Taxing Times for US expats

6.3 million Americans live abroad, the highest number on record, as confirmed by the State Department. And, unlike some nationalities expat Americans should file for tax.

Taxing time for US expatsIt’s the time of year that most of us have already let our New Year’s resolutions slip. And while we can avoid going to the gym or put off quitting smoking until maybe 2013, there is one perennial reality that none of us can avoid – taxes.

For any nationality, taxes can be as complicated as they are detested. But for American expats, the situation is particularly tricky. While most expats don’t have to worry about filing taxes back home if their income is made in another country, Americans face no such break from the taxman. A chat with George Donnelly, a California CPA who made the move to France about two years ago and runs his own business, helped me clarify some of the finer points of what the IRS demands from those of us living abroad.

So who needs to file?

The filing thresholds are so low that unless you are a kept man or woman (not impossible in these parts) almost every American or American resident expat needs to file. However, the foreign income exclusions are fairly generous. George explains, “ If you are a US citizen or resident alien and you live abroad, you are taxed on your world- wide income. You may qualify, though, to exclude an amount of your foreign earnings that is adjusted for inflation. For 2011, that amount is $92,900. In addition, you can exclude or deduct certain foreign housing amounts.”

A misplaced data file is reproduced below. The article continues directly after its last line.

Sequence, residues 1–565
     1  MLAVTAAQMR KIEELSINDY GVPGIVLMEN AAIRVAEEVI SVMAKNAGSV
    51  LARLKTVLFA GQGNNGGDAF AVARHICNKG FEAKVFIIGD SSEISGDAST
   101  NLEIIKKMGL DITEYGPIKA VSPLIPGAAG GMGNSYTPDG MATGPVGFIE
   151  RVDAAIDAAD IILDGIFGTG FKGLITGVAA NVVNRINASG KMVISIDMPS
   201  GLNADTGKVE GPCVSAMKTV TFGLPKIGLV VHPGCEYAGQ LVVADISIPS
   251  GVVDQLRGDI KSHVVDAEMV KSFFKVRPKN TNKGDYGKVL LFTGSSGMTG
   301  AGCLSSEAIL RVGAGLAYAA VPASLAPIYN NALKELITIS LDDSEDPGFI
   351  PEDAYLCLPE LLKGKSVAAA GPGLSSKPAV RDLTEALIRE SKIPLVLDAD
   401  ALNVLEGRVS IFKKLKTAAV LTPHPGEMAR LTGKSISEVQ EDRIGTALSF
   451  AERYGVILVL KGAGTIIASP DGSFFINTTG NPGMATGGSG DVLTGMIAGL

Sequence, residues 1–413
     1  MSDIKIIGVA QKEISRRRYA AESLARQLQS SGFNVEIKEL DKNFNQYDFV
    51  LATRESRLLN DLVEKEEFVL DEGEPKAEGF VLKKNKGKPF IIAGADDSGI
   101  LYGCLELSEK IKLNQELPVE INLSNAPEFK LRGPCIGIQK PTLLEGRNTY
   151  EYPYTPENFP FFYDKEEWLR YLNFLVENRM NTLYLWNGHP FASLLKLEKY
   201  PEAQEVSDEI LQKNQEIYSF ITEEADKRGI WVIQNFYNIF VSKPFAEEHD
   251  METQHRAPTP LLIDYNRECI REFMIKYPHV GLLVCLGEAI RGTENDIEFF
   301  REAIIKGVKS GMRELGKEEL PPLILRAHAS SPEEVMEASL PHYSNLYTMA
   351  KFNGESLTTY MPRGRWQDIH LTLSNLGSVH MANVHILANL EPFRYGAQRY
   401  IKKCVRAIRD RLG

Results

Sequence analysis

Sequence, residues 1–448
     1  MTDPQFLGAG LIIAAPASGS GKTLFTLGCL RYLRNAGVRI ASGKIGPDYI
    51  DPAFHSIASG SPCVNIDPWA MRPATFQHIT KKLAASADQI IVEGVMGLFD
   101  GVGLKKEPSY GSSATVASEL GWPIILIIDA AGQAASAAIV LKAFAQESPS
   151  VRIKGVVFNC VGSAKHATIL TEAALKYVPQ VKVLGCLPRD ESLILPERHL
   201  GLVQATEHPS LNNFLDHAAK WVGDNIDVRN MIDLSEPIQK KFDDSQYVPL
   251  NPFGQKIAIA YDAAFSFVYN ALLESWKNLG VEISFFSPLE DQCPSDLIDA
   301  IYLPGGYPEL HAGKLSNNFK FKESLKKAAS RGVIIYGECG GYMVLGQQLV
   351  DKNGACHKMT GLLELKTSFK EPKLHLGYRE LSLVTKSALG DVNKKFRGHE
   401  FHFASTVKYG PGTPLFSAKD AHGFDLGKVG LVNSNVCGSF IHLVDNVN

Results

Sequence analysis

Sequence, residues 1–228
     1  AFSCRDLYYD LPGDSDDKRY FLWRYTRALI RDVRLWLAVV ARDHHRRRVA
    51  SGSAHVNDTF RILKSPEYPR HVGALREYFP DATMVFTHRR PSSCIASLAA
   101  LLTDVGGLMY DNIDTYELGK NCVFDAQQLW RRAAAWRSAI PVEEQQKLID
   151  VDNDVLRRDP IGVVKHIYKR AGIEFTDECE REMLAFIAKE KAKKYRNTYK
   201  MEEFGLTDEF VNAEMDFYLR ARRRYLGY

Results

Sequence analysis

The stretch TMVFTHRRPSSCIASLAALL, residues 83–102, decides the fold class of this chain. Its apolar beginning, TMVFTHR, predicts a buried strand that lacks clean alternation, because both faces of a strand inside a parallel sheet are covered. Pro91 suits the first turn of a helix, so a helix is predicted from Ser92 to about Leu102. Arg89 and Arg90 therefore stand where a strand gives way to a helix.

While living stateside, filing my taxes was as simple as matching up my 1040 form with what TurboTax told me to fill in. As an expat, those simple carefree tax days disappeared the minute I got my Titre de séjour. George states that basically three things make filing as an American expat so com- plicated. “There’s the foreign income exclusion, the foreign tax credit as well as the fact that if you have more than $10,000 in a foreign bank account at any time during the calendar year, then that account needs to be reported.” The latter requires filing what’s known as an FBAR, which is the Treasury Form 90-22.1. Fortunately, I’ll never know what a 90-22.1 looks like.